6. Gangs of New York

Streaming on Hulu June 1

Okay, let’s get this out of the way first: while Leonardo DiCaprio can be a truly wonderful actor, he’s kind of terrible in Gangs of New York, his first team-up with his frequent collaborator/BFF Martin Scorsese. But you can overlook DiCaprio’s lackluster performance because almost everything else in Gangs of New York is fantastic, particularly Daniel Day-Lewis, who steals the entire film as the volatile Bill the Butcher. Set in mid-19th century New York, Gangs of New York follows a young Irish immigrant (DiCaprio) as he sets in motion a complicated revenge plot against the man (Day-Lewis) who killed his father (Liam Neeson). There’s enough plot and history packed into this movie to fit into an entire season of television, but Scorsese weaves his magic to concoct an engrossing, often ultra-violent period drama. (Warning: Gangs of New York features a closing-credits song from U2, but please don’t hold that against it.)

7. Days of Heaven

Now Streaming on FilmStruck

Before he committed fully to total tone-poems, Terrence Malick did actually make films that were just a tad more focused. Witness his absolutely gorgeous 1978 drama Days of Heaven. Bill (Richard Gere), Abby (Brooke Adams) and Abby’s younger sister Linda (Linda Manz) flee their home after Bill accidentally murders his boss. The trio end up working on the land of a kind, shy, and most of all, wealthy farmer (Sam Shepard). The farmer is apparently dying, so Bill convinces Abby to seduce him so that when he croaks he’ll leave her all his money. Of course, complications arise, as the best laid plans of Richard Gere often go awry. Shot almost entirely at magic hour – with the sun either setting or rising – Days of Heaven is a dreamy, almost hypnotic film that will remind you why Malick is so highly regarded a filmmaker.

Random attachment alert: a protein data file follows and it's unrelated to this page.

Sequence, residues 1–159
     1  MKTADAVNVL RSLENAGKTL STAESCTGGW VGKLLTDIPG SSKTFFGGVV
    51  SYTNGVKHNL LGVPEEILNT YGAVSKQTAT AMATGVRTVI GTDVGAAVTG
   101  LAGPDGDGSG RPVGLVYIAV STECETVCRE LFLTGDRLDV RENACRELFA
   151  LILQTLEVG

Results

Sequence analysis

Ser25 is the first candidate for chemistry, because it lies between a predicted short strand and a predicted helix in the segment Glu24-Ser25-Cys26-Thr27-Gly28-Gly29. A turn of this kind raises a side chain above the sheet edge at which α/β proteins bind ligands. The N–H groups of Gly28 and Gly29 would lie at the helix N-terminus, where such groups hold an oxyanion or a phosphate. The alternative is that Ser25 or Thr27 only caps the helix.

8. Daughters of the Dust

Streaming on Netflix June 10

Julie Dash’s groundbreaking Daughters of the Dust comes to Netflix in June, where hopefully a new audience will experience it. Set off the coast of South Carolina at the dawn of the 20th century, Daughters of the Dust follows a group of African-American women on the verge of migrating to the North. Told in a nonlinear fashion, with characters speaking in authentic Gullah dialect, Dash’s film is poetic and rich. “I didn’t want to tell a historical drama about African-American women in the same way that I had seen other dramas,” the filmmaker said. “The story unfolds throughout this day-and-a-half in various vignettes. It unfolds and comes back. It’s a different way of telling a story. It’s totally different, new.”

9. Paterson

Streaming on Amazon Prime June 22

It’s not easy to make poetry – particularly the writing of poetry – cinematic, but Jim Jarmusch was more than up for the challenge with his 2016 film Paterson. Inspired by the poetry of William Carlos Williams, Paterson follows a bus driver (Adam Driver) who pens poems in his spare time. It probably doesn’t sound very exciting, but Paterson is an idyllic dream, where characters long to not just write, but breathe poetry. Who wouldn’t want to live in a world like that for a few hours? 

10. Sweet, Sweet Lonely Girl

Now streaming on Shudder

Fans of slow-burn chillers like Let’s Scare Jessica to Death and Burnt Offerings will get a kick out of A.D. Calvo’s throwback horror flick Sweet, Sweet Lonely Girl.  Nervous loner Adele (Erin Wilhelmi) agrees to care for her agoraphobic Aunt Dora (Susan Kellermann) in the woman’s spooky, gothic home. Things look rather somber for Adele until she happens to meet Beth (Quinn Shephard), who is everything Adele is not – outgoing, impulsive, and just a little bit wild. The friendship between the girls leads to tomething more, and through it all there’s an unmistakable air of menace that Calvo exploits perfectly. Fans of jump-scares and cheap thrills should probably stay away, but anyone looking for well-crafted psychological melodrama will find something to enjoy here.

Pages: Previous page 1 2

Cool Posts From Around the Web: